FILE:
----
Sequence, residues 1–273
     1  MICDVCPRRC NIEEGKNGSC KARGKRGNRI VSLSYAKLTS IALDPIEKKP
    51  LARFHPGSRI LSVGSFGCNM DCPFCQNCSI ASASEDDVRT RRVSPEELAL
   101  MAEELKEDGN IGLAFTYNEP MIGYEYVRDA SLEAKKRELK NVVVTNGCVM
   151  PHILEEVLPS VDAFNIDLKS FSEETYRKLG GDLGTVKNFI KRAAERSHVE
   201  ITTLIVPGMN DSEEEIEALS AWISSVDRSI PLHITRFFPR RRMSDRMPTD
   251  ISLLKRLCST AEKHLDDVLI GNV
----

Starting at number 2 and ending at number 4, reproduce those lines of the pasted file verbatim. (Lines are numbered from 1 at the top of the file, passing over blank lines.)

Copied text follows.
     1  MICDVCPRRC NIEEGKNGSC KARGKRGNRI VSLSYAKLTS IALDPIEKKP
    51  LARFHPGSRI LSVGSFGCNM DCPFCQNCSI ASASEDDVRT RRVSPEELAL
   101  MAEELKEDGN IGLAFTYNEP MIGYEYVRDA SLEAKKRELK NVVVTNGCVM